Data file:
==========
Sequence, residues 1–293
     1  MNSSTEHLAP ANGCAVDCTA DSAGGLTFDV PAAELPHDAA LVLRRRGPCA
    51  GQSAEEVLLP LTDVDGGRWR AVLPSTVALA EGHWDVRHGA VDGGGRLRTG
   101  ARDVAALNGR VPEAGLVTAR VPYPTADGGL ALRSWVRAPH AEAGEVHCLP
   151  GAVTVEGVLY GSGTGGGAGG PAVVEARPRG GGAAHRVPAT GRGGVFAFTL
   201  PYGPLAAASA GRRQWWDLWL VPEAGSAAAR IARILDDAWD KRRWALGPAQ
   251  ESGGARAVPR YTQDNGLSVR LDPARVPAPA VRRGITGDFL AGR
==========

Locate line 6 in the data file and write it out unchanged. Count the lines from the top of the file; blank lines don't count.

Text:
   201  PYGPLAAASA GRRQWWDLWL VPEAGSAAAR IARILDDAWD KRRWALGPAQ